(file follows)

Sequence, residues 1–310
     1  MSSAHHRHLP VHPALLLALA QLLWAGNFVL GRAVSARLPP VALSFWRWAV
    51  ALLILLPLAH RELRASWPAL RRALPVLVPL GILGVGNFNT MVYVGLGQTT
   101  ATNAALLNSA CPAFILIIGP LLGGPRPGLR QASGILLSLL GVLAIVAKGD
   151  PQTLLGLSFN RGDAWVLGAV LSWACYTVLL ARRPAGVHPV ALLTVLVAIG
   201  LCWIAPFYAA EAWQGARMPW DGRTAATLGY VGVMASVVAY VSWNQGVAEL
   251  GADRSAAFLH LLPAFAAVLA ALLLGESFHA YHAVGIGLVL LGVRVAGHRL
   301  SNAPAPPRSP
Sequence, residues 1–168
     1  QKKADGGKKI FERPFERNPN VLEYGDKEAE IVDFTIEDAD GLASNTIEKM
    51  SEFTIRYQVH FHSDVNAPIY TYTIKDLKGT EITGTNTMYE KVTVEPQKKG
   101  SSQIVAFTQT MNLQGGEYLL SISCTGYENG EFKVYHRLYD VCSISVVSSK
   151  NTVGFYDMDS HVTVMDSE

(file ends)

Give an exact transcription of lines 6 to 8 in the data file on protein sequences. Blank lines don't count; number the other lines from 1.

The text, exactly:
   201  LCWIAPFYAA EAWQGARMPW DGRTAATLGY VGVMASVVAY VSWNQGVAEL
   251  GADRSAAFLH LLPAFAAVLA ALLLGESFHA YHAVGIGLVL LGVRVAGHRL
   301  SNAPAPPRSP